If you try some of the relaxation exercises in this book, but still cannot get to sleep, you may want to just get up and engage in some activity. On nights like that, know you are not alone. The wisdom keepers of sound sleep have experienced this problem and are the first to admit that there are times when getting out of bed and moving might actually be exactly what you need for a good night of sleep. Get up and try again, by tackling mundane and boring tasks that do not require a lot of brain function and mental alertness. You'll end up with a sense of accomplishment, and you will have moved your body a little, which often helps settle a person back into dreamland.
HOW TO DO IT
If you find yourself too alert to get to sleep and feel that your body would rather engage in activity, get out of bed and tackle a small and mundane task for fifteen minutes or so. The short burst of physical activity will reset your nervous system. Then, when you are done, go back to bed. You may notice that your body wanted a little movement and productivity before settling down for the night. Here are some sample sleep-enhancing tasks to do at night:
- Arrange your dishes
- Mend a sock
- Sort your recycling (if it does not wake your housemates)
- Make lunches for the next day
- Fold laundry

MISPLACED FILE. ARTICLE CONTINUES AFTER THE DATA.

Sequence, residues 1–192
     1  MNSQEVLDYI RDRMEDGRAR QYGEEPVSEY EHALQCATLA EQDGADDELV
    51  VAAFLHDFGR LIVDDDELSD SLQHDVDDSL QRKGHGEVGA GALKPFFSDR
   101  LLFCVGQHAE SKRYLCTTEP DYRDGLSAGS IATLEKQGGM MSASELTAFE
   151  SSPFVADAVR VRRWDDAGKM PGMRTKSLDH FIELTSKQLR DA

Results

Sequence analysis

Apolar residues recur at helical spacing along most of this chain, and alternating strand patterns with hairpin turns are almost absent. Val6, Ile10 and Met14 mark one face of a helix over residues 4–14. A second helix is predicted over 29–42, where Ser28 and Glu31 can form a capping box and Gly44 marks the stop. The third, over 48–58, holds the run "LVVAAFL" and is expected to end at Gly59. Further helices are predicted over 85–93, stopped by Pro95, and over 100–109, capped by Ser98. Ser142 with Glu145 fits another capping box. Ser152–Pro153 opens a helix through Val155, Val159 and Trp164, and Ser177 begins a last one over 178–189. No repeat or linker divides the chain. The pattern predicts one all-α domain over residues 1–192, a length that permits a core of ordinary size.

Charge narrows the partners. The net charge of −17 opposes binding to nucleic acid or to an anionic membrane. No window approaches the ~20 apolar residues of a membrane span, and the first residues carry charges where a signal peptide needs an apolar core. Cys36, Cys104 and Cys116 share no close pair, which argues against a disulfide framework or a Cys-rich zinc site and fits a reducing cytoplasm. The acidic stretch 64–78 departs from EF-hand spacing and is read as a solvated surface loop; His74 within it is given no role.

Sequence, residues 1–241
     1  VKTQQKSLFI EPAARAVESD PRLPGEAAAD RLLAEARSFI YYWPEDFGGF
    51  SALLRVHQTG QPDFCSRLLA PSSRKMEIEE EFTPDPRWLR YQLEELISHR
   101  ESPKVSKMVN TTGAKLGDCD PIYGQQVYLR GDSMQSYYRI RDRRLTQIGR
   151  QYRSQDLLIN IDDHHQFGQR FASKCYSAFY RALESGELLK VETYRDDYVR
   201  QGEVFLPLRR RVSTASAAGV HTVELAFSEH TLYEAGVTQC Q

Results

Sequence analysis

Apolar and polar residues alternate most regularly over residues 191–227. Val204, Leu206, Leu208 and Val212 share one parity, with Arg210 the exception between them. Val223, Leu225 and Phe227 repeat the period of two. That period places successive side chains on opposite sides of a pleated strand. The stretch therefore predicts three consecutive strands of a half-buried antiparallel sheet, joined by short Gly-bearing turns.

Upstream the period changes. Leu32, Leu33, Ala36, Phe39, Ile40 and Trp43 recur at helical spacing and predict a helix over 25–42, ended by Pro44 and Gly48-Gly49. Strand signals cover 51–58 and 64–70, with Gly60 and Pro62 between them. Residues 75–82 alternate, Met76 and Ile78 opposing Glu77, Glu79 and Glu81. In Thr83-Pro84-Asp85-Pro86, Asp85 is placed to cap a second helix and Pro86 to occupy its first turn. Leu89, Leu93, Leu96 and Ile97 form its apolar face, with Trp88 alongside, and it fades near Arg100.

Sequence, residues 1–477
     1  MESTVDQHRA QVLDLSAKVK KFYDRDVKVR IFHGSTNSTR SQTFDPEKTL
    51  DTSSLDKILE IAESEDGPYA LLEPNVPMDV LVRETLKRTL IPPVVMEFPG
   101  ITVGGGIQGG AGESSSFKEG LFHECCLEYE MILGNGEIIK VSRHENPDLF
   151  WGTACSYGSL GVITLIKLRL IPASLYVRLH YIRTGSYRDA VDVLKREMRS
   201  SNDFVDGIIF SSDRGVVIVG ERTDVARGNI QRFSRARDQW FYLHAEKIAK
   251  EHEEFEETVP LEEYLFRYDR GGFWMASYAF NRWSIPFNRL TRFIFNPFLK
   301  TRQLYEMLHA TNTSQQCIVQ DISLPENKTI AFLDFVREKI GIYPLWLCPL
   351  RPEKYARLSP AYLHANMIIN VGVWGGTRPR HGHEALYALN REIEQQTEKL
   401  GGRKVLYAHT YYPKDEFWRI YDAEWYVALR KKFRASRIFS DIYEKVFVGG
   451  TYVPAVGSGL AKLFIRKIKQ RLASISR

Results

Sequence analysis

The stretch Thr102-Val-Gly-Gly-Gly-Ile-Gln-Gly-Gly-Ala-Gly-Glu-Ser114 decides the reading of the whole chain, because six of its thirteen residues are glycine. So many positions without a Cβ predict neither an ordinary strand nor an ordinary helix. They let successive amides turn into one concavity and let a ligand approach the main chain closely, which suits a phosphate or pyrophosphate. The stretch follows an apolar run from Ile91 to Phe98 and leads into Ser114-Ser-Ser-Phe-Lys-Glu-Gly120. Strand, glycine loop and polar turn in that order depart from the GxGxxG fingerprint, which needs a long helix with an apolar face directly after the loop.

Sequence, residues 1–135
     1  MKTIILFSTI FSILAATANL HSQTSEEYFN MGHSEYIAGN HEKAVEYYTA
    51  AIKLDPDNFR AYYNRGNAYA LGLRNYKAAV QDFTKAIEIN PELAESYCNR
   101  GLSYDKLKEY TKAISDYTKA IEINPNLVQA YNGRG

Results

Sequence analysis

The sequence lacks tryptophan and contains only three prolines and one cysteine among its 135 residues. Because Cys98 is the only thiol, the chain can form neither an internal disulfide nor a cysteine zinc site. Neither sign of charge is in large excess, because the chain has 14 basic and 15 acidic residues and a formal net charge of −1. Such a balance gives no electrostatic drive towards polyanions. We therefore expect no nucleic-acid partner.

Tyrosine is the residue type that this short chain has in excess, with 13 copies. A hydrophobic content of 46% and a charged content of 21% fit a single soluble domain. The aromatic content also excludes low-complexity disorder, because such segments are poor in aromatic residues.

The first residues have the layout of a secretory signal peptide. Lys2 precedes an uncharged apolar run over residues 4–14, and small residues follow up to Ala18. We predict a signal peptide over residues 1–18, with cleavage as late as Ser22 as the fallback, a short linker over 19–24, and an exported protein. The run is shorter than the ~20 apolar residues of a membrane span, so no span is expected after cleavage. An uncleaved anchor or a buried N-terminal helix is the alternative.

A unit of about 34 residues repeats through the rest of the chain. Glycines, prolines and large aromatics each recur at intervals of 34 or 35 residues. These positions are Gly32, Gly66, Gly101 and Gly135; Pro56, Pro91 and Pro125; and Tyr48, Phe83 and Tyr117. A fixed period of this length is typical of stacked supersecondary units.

- Clean out your purse
- Trim your moustache
- Alphabetize your bookshelf
- Dust your trophies
- Read a ho-hum book
When getting up at night, it is important to remember to stay away from electronic screens of any kind. It is wise to avoid cell phones, computers, tablets, e-readers, or video games, as such activities may rouse your nervous system rather than settle it down. Should there be an urgent need to use an electronic device, make sure the night setting is turned on to protect your body from the blue and white hues that signal daytime to your nervous system.
About the Author:
Katrin Schubert has dedicated her career to helping her fellow human beings heal their bodies, minds, and spirits with natural medicine. After completing her medical degree and a PhD in human genetics at the University of Hamburg, and receiving international training in England, the Czech Republic, India, China, Canada, and the United States, she opened her holistic health clinics in Kingston and Gananoque, Ontario, Canada. Katrin also has a science degree from Queen's University in Kingston. She is the author of the first two books in the 5-Minute First Aid for the Mind series, Relieve Stress and Reduce Craving.
© 2017 by Katrin Schubert
All rights reserved. Published 2017.